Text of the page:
Thanks to the abundance of timber in Sri Lanka, traditional architecture was made of wood, and this led to a strong heritage of woodcarving skills. Today, wooden sculptures have become a widespread craft with tourists. Statues of Buddha and gods, as well as animals such as elephants, take pride of place. Most are made from hardwoods like ebony, palu, sandalwood and na. After the wood is selected, a rough shape is chiseled out in a process known as ‘baragahanawa.’ Then the actual features carved with ine chisels (mattangahanawa). The carving is then smoothed and polished. Afterwards, the masks were traditionally sanded using rough leaves or shark skin. Then they were painted, and embellishments such as eyebrows, moustaches and beards were made from monkey skin.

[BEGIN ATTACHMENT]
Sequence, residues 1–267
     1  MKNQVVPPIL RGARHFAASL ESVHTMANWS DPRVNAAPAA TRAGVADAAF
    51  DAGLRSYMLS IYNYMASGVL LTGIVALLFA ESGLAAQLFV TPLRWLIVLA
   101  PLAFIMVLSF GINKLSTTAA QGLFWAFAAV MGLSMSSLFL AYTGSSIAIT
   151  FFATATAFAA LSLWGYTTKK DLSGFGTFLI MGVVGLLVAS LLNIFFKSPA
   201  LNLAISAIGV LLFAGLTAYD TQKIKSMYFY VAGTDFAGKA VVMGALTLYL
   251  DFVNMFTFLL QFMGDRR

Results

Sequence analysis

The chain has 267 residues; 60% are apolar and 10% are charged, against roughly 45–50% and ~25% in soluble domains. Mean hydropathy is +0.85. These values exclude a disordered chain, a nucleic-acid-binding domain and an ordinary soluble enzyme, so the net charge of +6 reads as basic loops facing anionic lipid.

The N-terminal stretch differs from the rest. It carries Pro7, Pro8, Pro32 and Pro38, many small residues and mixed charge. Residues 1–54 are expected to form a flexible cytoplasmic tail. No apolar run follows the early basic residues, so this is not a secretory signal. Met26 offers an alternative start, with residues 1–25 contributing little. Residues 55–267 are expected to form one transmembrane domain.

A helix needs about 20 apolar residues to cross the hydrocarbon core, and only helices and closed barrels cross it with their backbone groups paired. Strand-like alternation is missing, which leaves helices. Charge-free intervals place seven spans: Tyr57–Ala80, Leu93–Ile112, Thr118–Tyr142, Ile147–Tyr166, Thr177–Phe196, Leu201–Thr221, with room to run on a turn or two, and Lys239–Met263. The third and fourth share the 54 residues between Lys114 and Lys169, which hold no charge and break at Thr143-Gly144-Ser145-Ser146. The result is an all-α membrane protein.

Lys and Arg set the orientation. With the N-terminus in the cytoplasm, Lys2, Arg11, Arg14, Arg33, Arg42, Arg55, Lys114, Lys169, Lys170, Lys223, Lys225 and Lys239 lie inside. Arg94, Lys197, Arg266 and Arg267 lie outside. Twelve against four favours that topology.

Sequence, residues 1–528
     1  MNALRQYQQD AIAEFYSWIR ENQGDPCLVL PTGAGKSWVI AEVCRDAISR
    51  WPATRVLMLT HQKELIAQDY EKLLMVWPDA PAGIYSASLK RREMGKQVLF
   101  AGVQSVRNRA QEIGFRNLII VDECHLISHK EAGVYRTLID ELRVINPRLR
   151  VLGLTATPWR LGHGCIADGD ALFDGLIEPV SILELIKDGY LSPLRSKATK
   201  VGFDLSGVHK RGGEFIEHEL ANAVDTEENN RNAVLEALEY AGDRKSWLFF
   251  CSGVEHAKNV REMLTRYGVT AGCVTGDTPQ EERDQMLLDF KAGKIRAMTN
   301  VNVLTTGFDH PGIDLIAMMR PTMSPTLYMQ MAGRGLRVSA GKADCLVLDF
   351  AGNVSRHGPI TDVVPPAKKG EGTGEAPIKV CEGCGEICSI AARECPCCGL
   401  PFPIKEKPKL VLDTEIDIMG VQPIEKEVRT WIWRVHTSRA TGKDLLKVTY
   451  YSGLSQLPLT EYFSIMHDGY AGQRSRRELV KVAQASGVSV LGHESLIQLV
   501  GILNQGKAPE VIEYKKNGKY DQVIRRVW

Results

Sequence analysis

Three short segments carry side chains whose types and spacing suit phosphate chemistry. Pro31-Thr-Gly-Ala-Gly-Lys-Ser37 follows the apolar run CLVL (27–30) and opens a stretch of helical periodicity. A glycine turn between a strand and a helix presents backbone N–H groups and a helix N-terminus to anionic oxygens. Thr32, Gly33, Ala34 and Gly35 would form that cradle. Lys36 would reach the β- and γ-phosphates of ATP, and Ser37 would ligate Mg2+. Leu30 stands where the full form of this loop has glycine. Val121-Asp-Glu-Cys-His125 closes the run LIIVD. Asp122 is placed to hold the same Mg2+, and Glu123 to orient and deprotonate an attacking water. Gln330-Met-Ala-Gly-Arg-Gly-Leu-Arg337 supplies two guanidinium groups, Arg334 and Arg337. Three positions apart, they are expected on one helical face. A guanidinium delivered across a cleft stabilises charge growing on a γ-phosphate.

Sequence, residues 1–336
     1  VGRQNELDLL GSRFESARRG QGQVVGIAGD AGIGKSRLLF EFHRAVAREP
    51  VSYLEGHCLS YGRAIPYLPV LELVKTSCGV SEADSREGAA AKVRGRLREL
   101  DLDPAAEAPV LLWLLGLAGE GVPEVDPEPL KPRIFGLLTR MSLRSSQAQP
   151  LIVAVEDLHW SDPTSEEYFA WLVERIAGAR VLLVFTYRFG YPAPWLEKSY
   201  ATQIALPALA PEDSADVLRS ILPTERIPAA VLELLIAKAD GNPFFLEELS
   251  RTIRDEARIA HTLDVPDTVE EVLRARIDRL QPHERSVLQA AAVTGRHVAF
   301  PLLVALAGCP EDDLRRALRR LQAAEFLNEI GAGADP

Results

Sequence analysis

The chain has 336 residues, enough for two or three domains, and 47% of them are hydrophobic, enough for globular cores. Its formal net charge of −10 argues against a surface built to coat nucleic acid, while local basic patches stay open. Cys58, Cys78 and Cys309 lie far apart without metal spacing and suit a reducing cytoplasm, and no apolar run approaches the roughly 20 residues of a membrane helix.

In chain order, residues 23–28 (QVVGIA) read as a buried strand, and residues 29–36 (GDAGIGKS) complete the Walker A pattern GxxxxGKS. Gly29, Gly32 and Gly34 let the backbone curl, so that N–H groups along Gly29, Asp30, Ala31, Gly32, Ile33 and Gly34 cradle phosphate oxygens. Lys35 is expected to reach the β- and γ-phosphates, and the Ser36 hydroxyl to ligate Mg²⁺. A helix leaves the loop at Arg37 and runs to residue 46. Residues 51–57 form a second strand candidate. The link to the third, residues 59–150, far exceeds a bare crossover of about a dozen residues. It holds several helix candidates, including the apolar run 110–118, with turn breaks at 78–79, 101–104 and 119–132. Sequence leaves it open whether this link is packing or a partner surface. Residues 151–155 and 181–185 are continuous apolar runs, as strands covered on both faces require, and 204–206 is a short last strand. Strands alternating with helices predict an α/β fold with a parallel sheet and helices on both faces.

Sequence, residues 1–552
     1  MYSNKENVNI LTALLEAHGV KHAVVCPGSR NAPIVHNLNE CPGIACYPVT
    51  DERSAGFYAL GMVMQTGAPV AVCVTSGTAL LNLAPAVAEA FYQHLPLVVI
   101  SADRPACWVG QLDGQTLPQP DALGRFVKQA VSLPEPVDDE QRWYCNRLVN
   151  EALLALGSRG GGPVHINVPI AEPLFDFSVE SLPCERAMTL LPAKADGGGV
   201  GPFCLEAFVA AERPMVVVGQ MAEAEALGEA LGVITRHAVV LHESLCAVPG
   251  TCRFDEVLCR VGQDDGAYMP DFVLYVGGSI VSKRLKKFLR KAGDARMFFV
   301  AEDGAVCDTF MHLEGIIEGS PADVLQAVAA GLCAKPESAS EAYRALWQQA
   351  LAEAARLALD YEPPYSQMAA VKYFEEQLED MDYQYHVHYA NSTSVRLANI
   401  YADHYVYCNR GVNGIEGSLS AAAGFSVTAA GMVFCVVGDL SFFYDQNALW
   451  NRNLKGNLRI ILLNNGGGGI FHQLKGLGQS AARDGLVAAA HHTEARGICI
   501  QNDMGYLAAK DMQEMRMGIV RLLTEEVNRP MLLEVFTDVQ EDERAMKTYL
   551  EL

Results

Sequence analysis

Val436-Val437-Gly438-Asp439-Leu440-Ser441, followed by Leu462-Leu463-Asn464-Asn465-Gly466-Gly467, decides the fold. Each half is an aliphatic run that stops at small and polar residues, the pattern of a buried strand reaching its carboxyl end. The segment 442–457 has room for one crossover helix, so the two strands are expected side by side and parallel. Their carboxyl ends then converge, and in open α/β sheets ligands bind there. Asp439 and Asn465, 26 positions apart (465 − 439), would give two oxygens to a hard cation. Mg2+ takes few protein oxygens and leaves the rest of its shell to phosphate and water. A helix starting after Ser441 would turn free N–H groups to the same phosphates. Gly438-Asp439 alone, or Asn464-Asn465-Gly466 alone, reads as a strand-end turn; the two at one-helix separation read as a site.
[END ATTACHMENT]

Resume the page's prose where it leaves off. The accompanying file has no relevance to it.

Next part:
Masks are used for several purposes in Sri Lanka. As well as featuring in traditional dance, drama and comedies, and in large pageants and processions, they are also used in ceremonies to exorcise demons or cure illnesses. Most masks are made from kaduru, a light, pliable wood similar to Balsa.